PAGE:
I was already a firm hater of mascara, so lash extensions didn't have to work hard to win me over. As for strip lashes, I use to love putting them on for a night out or date night. It seemed as if a makeup look was not complete without them. Now, I wear less makeup on a night out because I feel as if my lashes really just pull the simplest of looks together.

4. Not all lash techs will charge you an arm and a leg.

One of my favorite nail salons offers lash extensions, STARTING at $100. Luckily, if you live near a college campus, the chances are high that a student is certified to do them and charges well under $100. I get mine done for $60 and leave happy with the work done every time.

5. You can go bare-faced and still feel flawless.

I have never woken up and felt so gorgeous right after stumbling out of bed. Lash extensions really give you an extra boost of confidence in feeling like you don't even want to bother with putting on makeup for the day.

6. You will need to wash your face in the sink, not the shower. 

You can get your lashes wet, but water coming forcefully out of a showerhead directly onto your lashes is not good for them. Makeup wipes and a careful face cleaning in the sink will take care of all your facial needs while avoiding causing damage to your lashes. I still use face masks when I have mine done!

7. Check the ingredients in your makeup removing products. 

To remove makeup, I LOVE using coconut oil. If you have lash extensions you should NOT use coconut oil. In fact, when your down to the last few lashes and are ready for them to come off, use coconut oil on a cotton ball and gently rub it along your lash line. Certain oils breakdown the glue used for lash extensions, so be aware of them before using them on your eye makeup.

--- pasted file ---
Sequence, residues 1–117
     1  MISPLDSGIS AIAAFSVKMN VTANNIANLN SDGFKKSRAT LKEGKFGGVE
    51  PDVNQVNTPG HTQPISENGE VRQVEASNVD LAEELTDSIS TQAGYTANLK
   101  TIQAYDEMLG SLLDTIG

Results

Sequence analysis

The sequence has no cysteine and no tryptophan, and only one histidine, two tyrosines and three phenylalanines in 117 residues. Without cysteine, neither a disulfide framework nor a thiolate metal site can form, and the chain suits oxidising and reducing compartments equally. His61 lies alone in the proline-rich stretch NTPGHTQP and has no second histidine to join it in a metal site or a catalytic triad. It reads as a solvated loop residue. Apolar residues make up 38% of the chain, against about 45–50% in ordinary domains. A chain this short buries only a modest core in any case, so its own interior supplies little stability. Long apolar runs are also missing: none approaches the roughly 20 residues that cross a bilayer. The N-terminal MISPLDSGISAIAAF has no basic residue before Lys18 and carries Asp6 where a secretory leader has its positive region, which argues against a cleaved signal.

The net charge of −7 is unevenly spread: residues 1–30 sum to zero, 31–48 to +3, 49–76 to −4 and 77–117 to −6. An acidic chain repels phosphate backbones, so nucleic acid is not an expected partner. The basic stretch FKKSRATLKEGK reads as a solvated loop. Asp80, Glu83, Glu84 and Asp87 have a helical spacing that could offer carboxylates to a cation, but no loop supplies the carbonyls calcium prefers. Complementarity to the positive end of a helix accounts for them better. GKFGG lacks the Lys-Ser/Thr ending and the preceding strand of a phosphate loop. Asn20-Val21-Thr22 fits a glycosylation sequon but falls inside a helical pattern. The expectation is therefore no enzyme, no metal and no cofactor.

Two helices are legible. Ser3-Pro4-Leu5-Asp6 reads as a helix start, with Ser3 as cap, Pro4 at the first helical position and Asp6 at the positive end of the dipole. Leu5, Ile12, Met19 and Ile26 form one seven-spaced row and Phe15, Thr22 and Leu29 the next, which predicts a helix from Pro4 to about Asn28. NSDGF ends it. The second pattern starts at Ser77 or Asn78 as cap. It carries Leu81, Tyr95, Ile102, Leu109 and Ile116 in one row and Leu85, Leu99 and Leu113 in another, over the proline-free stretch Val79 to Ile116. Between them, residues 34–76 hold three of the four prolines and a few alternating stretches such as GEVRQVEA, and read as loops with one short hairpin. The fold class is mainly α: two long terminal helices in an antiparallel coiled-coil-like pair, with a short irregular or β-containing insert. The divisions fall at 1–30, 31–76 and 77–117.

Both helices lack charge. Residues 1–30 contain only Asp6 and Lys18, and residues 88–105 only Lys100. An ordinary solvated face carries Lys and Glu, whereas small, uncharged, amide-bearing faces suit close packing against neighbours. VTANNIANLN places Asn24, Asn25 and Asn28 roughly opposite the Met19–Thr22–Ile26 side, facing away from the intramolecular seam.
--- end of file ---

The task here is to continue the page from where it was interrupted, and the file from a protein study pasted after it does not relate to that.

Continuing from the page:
8. Some people will truly believe they are your natural lashes. 

Here are some responses for their inquiries:

"I wish."

"Lash extensions, 10/10 recommend."

"I woke up like this."

9. You will need to sleep pretty. 

I have a tendency to sleep on my face. A tendency which I soon broke after getting lash extensions. You will have to learn to stay on your side or lay on your back so you don't rub all of your extensions out in the night.

WARNING: Be extra cautious on a night out where adult beverages were consumed. Ruining your lashes by drunkenly rubbing or sleeping on your face may cause heavy lash-loss.

10. They last about two to three weeks.

I have found that mine stay in pretty thick up until about 2.5 weeks. If you are careful, they could definitely still look flawless pushing week three.

11. They aren't damaging to your real lashes.

As long as you go to a licensed lash tech and aren't rubbing your face or pulling your lashes out, your natural lashes are safe and sound!

12. Once you get them done, you'll be going back for more.

It's not an addiction. And if it is, I don't think there is an issue to being addicted to feeling great about your lashes!

Making your lash appointment now? I figured.